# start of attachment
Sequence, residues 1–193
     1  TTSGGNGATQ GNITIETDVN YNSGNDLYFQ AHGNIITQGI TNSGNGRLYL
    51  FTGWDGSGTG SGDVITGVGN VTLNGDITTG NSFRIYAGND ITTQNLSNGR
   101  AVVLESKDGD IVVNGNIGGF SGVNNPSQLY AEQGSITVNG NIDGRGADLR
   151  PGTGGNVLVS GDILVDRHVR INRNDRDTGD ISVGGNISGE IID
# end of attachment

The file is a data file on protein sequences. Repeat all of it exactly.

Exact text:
Sequence, residues 1–193
     1  TTSGGNGATQ GNITIETDVN YNSGNDLYFQ AHGNIITQGI TNSGNGRLYL
    51  FTGWDGSGTG SGDVITGVGN VTLNGDITTG NSFRIYAGND ITTQNLSNGR
   101  AVVLESKDGD IVVNGNIGGF SGVNNPSQLY AEQGSITVNG NIDGRGADLR
   151  PGTGGNVLVS GDILVDRHVR INRNDRDTGD ISVGGNISGE IID